How can health services effectively meet the health needs of homeless people?

Authors: Wright, Nat MJ1; Tompkins, Charlotte NE2

Source: British Journal of General Practice, 1 April 2006, vol. 56, no. 525, pp. 286-293(8)

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Abstract:

Background:

Homelessness affects many people in contemporary society with consequences for individuals and the wider community. Homeless people experience poorer levels of general physical and mental health than the general population and there is a substantial international evidence base which documents multiple morbidity. Despite this, they often have problems in obtaining suitable health care.

Aim:

To critically examine the international literature pertaining to the health care of homeless people and discuss the effectiveness of treatment interventions.

Design of study:

Review and synthesis of current evidence.

Method:

Medline (1966–2003), EMBASE (1980–2003), PsycINFO (1985–2003), CINAHL (1982–2003), Web of Science (1981–2003) and the Cochrane Library (Evidence Based Health) databases were reviewed using key terms relating to homelessness, intervention studies, drug misuse, alcohol misuse and mental health. The review was not limited to publications in English. It included searching the internet using key terms, and grey literature was also accessed through discussion with experts.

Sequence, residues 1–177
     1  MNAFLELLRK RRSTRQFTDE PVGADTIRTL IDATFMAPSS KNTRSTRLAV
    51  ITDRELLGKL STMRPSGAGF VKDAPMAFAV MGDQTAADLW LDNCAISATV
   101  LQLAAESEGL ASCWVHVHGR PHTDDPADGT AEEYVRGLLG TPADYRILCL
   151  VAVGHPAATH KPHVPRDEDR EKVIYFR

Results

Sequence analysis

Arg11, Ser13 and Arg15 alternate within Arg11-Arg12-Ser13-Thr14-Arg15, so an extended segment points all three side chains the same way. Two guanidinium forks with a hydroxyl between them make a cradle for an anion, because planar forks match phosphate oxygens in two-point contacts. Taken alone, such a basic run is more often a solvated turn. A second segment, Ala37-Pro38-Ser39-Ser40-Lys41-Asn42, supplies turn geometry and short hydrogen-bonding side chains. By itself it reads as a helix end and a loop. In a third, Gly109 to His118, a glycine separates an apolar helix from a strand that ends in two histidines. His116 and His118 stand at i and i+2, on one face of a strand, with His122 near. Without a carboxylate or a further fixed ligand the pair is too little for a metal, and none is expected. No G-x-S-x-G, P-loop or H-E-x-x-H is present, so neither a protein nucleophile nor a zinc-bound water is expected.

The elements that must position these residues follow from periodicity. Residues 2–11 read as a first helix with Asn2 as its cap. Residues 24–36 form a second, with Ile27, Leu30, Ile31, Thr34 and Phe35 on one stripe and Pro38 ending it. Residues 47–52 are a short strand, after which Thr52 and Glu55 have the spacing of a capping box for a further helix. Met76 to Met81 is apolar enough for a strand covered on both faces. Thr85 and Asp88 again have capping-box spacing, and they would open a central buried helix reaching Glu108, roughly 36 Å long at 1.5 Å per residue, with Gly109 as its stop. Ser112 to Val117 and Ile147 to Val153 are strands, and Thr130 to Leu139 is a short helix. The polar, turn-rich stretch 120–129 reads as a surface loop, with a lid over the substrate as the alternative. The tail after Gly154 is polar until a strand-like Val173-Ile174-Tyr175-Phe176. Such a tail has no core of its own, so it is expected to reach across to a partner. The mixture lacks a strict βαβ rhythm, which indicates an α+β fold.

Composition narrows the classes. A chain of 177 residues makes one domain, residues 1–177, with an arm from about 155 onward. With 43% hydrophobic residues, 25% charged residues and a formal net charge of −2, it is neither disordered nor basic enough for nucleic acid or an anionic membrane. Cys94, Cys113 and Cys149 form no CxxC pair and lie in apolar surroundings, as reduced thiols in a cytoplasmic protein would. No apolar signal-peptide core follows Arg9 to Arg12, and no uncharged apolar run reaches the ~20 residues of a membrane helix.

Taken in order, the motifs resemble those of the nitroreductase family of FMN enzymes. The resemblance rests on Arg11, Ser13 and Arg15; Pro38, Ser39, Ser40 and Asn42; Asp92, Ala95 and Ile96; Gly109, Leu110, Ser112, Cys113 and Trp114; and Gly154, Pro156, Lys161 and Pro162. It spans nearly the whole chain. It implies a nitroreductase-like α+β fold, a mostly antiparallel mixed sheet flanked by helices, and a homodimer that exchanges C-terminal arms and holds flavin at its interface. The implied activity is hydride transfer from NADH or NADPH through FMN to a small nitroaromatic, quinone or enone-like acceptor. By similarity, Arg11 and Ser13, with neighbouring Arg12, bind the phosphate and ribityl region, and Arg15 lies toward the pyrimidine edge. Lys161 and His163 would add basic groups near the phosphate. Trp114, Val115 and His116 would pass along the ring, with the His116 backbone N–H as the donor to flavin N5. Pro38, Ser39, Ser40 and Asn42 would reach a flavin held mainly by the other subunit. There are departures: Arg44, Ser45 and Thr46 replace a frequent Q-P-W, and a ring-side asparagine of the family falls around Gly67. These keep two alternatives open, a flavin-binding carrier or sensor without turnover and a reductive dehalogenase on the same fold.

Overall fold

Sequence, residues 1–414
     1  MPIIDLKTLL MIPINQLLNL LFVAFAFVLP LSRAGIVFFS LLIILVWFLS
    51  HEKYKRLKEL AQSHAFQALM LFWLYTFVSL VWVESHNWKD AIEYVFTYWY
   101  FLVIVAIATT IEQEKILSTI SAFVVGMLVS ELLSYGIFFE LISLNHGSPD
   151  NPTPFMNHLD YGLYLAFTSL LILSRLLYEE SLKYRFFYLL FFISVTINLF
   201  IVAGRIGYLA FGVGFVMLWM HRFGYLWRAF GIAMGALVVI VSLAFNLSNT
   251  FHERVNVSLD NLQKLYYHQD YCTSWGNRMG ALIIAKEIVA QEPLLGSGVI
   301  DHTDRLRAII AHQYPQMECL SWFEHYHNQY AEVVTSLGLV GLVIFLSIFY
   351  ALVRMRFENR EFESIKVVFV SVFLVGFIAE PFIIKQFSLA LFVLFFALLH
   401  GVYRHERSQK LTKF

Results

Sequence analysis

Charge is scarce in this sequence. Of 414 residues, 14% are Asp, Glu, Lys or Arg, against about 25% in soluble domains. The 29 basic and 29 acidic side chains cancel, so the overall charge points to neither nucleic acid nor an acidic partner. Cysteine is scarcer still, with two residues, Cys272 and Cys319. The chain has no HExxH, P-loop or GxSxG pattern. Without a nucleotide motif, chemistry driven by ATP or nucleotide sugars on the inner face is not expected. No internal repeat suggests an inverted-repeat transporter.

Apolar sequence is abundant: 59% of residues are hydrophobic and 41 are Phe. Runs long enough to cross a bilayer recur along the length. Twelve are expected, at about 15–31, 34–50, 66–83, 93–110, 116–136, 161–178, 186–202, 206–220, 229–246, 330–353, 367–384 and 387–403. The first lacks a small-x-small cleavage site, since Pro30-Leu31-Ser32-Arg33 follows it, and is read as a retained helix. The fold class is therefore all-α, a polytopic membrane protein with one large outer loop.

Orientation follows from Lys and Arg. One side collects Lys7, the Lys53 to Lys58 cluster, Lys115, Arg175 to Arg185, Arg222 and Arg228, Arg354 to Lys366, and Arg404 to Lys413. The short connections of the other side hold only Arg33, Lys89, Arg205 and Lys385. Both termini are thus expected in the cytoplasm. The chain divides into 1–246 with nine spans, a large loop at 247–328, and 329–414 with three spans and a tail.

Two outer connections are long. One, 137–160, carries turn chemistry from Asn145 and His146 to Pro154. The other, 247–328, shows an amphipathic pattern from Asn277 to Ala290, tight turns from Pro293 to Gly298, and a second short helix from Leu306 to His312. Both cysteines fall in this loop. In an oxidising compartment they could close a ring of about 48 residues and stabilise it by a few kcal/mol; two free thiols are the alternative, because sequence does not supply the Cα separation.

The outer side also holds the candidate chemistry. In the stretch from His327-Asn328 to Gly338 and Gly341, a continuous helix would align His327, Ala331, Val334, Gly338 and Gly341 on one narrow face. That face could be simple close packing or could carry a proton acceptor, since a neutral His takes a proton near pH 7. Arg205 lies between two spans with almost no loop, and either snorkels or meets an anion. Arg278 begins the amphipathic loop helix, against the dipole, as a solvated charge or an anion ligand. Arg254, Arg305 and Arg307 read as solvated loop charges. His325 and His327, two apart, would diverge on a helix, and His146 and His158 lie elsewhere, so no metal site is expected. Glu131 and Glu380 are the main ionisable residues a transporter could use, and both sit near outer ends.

Results:

Internationally, there are differing models and services aimed at providing health care for homeless people. Effective interventions for drug dependence include adequate oral opiate maintenance therapy, hepatitis A, B and tetanus immunisation, safer injecting advice and access to needle exchange programmes. There is emerging evidence for the effectiveness of supervised injecting rooms for homeless injecting drug users and for the peer distribution of take home naloxone in reducing drug-related deaths. There is some evidence that assertive outreach programmes for those with mental ill health, supportive programmes to aid those with motivation to address alcohol dependence and informal programmes to promote sexual health can lead to lasting health gain.

Conclusions:

As multiple morbidity is common among homeless people, accessible and available primary health care is a pre-requisite for effective health interventions. This requires addressing barriers to provision and multi-agency working so that homeless people can access the full range of health and social care services. There are examples of best practice in the treatment and retention of homeless people in health and social care and such models can inform future provision.

Keywords: ALCOHOLISM; HEALTH CARE DELIVERY; HOMELESS PERSONS; MENTAL HEALTH; PRIMARY CARE; SUBSTANCE RELATED DISORDERS

Document Type: Review Article

Affiliations: 1: Leeds Community Drug Treatment Services 2: North East Leeds Primary Care Trust

Publication date: April 1, 2006

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